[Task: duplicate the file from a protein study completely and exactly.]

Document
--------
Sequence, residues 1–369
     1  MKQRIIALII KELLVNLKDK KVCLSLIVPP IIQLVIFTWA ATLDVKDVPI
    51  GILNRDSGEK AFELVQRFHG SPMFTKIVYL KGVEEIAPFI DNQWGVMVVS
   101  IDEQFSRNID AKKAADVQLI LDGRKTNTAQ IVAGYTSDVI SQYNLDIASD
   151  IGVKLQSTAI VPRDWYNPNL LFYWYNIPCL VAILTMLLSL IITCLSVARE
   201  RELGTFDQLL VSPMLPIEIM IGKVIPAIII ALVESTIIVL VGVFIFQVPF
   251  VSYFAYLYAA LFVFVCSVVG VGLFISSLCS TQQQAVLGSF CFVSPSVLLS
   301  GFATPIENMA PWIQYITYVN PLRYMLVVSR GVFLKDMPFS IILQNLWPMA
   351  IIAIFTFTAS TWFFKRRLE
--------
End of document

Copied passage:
Sequence, residues 1–369
     1  MKQRIIALII KELLVNLKDK KVCLSLIVPP IIQLVIFTWA ATLDVKDVPI
    51  GILNRDSGEK AFELVQRFHG SPMFTKIVYL KGVEEIAPFI DNQWGVMVVS
   101  IDEQFSRNID AKKAADVQLI LDGRKTNTAQ IVAGYTSDVI SQYNLDIASD
   151  IGVKLQSTAI VPRDWYNPNL LFYWYNIPCL VAILTMLLSL IITCLSVARE
   201  RELGTFDQLL VSPMLPIEIM IGKVIPAIII ALVESTIIVL VGVFIFQVPF
   251  VSYFAYLYAA LFVFVCSVVG VGLFISSLCS TQQQAVLGSF CFVSPSVLLS
   301  GFATPIENMA PWIQYITYVN PLRYMLVVSR GVFLKDMPFS IILQNLWPMA
   351  IIAIFTFTAS TWFFKRRLE